Things are a little slow for Pearl Nolan’s Whitstable detective agency. Apart from her mother’s missing cat, her only case is the disappearance of some expensive lingerie from a washing line. She is more than happy to allow herself to be distracted by the opening of a new dance school in the town, run by celebrity tango champions Tanya and Tony Bullard, especially as it gives her chance to spend more time with DCI Mike McGuire.
Needless to say, things don’t go particularly smoothly, especially when one dancer is found with a metal stiletto heel embedded in their face. With his boss looking for an excuse to transfer him elsewhere, McGuire is desperate to solve the case, and as such, Pearl is determined to find the murderer. But the murderer isn’t finished just yet…
This is the eighth Whitstable Pearl mystery from Julie Wassmer. Perfect cosy – well, apart from a stiletto to the face – fare which has now been inspired a TV series starring Kerry Godliman, Howard Charles and Frances Barber. No idea what the series is like, as it’s consigned to Acorn TV, which I have no idea how to access, but the core cast is excellent, at least, so I imagine it’s very watchable. Anyone out there actually seen it? Any thoughts?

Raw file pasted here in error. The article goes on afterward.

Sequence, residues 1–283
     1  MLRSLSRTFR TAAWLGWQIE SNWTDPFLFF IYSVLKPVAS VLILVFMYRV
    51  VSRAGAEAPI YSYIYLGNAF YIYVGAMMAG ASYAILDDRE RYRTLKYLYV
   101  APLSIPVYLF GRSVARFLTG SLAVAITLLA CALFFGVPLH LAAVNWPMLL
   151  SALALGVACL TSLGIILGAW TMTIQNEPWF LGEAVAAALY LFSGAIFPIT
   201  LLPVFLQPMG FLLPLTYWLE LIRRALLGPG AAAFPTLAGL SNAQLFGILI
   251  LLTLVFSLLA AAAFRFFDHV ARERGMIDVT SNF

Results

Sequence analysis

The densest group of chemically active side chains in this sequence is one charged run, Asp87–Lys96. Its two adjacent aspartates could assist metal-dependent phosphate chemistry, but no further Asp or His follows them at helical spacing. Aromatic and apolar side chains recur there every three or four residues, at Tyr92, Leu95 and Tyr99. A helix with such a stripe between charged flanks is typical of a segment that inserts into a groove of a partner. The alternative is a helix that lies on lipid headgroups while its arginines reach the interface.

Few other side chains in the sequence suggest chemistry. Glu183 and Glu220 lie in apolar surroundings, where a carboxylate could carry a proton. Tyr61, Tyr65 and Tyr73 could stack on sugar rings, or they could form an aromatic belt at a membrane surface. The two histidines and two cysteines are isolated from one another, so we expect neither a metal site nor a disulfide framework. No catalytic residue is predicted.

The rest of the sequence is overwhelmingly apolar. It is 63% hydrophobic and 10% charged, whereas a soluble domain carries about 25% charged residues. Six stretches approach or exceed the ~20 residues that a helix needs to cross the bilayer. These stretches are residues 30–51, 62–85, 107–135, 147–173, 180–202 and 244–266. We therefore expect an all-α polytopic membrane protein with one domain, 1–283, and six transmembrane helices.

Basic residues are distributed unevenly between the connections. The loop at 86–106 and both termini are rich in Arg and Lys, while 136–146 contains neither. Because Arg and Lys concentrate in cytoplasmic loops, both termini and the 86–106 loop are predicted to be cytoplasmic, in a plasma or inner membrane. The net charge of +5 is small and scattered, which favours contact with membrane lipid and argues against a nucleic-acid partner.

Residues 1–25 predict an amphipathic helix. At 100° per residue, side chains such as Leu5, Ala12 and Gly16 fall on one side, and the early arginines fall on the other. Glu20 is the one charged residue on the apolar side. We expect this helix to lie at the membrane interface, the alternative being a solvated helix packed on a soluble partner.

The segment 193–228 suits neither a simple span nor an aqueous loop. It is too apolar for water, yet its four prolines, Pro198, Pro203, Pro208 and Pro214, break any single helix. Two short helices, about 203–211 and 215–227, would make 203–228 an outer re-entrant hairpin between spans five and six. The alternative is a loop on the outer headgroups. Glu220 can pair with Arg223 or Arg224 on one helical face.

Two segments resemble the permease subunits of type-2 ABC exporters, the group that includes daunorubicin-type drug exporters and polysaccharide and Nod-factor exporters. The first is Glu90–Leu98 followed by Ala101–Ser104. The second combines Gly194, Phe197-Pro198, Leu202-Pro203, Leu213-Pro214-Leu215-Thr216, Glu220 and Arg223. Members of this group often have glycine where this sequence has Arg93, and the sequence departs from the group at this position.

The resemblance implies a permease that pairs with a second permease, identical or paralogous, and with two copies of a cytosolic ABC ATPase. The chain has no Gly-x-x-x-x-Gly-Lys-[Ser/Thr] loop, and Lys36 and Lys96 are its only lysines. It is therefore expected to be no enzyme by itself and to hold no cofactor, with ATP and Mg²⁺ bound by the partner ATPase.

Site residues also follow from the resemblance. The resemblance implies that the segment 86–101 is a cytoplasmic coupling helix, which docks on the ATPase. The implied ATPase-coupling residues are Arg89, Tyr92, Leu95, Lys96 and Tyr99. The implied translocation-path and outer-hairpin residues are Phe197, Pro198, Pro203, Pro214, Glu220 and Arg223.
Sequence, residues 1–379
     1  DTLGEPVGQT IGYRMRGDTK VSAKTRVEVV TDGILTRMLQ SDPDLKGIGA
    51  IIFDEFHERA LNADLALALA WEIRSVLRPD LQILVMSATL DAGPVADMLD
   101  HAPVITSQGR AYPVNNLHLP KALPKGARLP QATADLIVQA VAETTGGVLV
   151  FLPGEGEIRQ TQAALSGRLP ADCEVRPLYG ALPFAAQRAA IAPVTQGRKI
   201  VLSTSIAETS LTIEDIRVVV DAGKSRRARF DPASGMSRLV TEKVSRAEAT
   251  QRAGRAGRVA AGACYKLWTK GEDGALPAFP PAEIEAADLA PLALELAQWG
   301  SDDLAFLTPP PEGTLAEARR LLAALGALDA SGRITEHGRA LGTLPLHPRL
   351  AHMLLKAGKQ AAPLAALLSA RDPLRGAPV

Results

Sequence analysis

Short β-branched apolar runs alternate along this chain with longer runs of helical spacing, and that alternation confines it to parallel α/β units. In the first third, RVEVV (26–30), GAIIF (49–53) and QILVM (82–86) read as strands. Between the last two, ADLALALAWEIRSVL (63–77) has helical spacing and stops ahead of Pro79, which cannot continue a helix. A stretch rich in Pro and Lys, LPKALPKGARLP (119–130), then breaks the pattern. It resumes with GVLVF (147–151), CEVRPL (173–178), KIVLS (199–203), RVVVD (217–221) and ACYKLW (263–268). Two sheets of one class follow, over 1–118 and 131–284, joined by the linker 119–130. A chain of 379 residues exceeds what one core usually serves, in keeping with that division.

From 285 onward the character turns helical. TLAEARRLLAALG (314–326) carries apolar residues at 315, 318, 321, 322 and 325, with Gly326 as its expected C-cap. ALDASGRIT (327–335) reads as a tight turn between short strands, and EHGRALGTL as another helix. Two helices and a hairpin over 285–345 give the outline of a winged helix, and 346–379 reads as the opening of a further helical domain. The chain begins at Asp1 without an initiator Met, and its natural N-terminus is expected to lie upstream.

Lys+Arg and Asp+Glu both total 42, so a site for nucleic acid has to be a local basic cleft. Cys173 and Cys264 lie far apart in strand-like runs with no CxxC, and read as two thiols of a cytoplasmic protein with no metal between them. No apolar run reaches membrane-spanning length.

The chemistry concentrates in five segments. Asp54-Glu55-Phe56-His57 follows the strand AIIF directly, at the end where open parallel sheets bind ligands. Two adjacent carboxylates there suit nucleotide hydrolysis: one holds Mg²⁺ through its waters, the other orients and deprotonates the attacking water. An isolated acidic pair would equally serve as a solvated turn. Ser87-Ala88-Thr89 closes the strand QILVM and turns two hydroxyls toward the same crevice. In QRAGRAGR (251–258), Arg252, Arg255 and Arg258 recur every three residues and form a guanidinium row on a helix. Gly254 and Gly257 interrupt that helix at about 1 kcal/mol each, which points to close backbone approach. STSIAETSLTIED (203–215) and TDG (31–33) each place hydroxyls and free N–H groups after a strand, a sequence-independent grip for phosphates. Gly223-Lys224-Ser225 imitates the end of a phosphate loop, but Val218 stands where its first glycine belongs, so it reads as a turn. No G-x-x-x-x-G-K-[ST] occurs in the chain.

Anyway, back to this book, and it’s pleasing to see there is some development of the Pearl-McGuire relationship, which has been on a bit of a loop in recent books – some obstacle arises, usually due to his unseen boss, Pearl solves a case and the obstacle vanishes. I may be misremembering but that feels like a very familiar pattern for the series. But as I said, this is a cosy read, really, so that’s not really a problem. I’d rather see that than McGuire suddenly develop an addiction to crack, for example.
So there are two cases here, although the missing lingerie is just a fun distraction. It also has a wonderful resolution that I dare anyone not to read without a smile on their face. But the main case is, obviously, much more developed.
It’s a decent plot with a number of suspects, all of whom seem to have connections to uncover as the plot develops. The choice of killer makes perfect sense and I think everything is there to help the reader work out who it is. I would point out though, that through the use of one particular idea, the killer stood out for me from… well, from when the victim is found. Even though the trope is used in a “maybe it was” sense, all it does is make the reader look at the murderer more carefully and soon convince themselves they are right. I know certain tropes recur again and again in murder mysteries, but this one doesn’t really have any variety to it, so authors should think carefully before using it.
But as I say, this is a satisfying light read, with a strong, likeable, central character. I think this is a strong entry in the series and definitely, if it sounds like your thing, worth a look.
Strictly Murder was released in paperback and ebook on 10th June. Many thanks to Julie Wassmer for the review copy.